I’ve done quite a few studies over the years involving radio-collars. I’ve never had an animal get “stuck in branches or trees or underbrush”. I’ve also never had an animal die from infection caused by a dart wound or of starvation “due to being handicapped by the large, intrusive collars”. Never on any of these accounts. Do such things ever happen? Yes, life can be messy – the list of bad things that happen in medical, biological, conservation, ecological, and related fields of research is endless if you look hard enough. Generally, most problems are avoidable and good research performed by knowledgeable and qualified people builds in redundant measures to prevent such losses – we like wildlife too (why are we in this field?) and we cannot afford to be so obtuse or myopic or thoughtless. There are endless regulatory systems in place (IACUC, IBC, peer review funding panels and boards, peer review of manuscripts, endless federal and state regulations on animal welfare, etc.) to keep us honest. People – learn before speaking. An educated critic is valuable, a kneejerk personal agenda is worthless. Stay vigilant, but please become educated advocates and work with people that know what they’re talking about.
As to “money seems not to be a eal (sic) factor in the respective projects”, that is just silly. Safety for animals and humans is the primary consideration in any reputable study. Scientific merit and relevance to the species in question are the driving factors in whether studies should get funded. And usually “money” (availability of funding, generally acquired in a very competitive granting process) is a determining factor in whether a study happens or does not happen. Fewer and fewer worthwhile studies are being performed due to a lack of funding – federal, state, intramural, NGO, and other wildlife funding sources are drying up. If you’ve never tried to keep a career alive competing for dwindling grant dollars to do the research you, your peers, and other stakeholders believe important and impactful, I’m forced to devalue comments without merit. As to the value of research results often being “questionable” – some of you are in no position to evaluate many of these studies thoroughly. Seriously, in no position to do so, especially as you rarely read the peer-reviwed articles critically. You’re rarely equipped to evaluate the body of knowledge leading to the research question, the methodology, the collection of data or data analysis, or the conclusions. Hell, I’m not equipped to deftly evaluate wildlife studies far afield from my areas of expertise, and I avoid doing so. You’re rowing with the same oar as people like Senator McCain questioning grizzly bear census techniques based on DNA microsatellite analysis and judging them worthless boondoggles at taxpayers’ expense. The internet has made everyone an expert on every subject. Never before has so little knowledge been so dangerous.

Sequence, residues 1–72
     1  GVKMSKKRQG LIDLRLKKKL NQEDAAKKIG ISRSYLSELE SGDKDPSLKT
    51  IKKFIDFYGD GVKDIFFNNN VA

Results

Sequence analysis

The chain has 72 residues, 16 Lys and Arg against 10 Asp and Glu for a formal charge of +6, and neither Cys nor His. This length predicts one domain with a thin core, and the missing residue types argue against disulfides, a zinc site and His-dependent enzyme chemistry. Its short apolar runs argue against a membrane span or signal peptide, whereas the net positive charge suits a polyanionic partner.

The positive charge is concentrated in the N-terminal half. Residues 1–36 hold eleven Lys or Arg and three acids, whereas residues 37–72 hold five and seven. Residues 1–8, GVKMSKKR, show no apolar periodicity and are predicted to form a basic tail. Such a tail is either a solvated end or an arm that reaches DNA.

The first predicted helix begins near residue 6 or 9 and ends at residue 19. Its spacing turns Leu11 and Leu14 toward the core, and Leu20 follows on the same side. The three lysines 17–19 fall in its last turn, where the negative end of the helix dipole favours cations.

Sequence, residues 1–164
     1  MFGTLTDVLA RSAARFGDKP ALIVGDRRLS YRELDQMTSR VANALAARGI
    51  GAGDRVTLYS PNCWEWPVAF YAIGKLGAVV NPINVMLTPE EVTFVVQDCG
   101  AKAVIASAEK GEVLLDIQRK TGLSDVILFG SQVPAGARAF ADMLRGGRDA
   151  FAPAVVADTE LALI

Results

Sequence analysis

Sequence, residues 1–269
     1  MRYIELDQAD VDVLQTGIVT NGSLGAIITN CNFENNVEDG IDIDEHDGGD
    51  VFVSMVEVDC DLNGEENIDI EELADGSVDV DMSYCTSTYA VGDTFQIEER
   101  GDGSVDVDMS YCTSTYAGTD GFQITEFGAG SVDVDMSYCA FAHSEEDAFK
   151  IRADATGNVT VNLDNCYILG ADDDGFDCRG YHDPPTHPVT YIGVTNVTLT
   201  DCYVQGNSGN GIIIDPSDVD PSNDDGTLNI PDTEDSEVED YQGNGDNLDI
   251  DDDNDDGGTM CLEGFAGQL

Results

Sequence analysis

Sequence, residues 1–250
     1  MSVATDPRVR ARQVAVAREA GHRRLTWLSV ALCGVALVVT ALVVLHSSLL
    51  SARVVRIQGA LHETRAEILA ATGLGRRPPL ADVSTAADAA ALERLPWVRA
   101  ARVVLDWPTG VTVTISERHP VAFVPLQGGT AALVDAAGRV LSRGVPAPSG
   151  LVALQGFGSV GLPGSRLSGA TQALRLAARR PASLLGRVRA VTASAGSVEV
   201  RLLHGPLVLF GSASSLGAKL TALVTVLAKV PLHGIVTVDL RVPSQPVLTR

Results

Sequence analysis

well put TC!
Thanks for the thoughtful comment.
My view is that the purpose of the radio collar is a much more significant issue than its mere presence.
Yes there are accidents, incompetence, poor designs, etc.; but what really counts is why the animal wears a radio collar. For example, a collared wolf by U.S. Wildlife Services, our national wildlife killing agency, is a very bad thing. However, a collar on a wolf in Yellowstone Park is in sum probably a good thing even though they don’t look so good in photographs. They do serve to protect the wolves. I think the anti-wolf people are getting emboldened enough that they might try shooting or poisoning wolves and other wildlife inside the Park.
Folks should also be aware that there are many other kinds of identification and tracking devices for animals such as microchips, clipped fins (on fish), ear tags, etc..
Radio collars will be largely phased out in favor of less intrusive devices.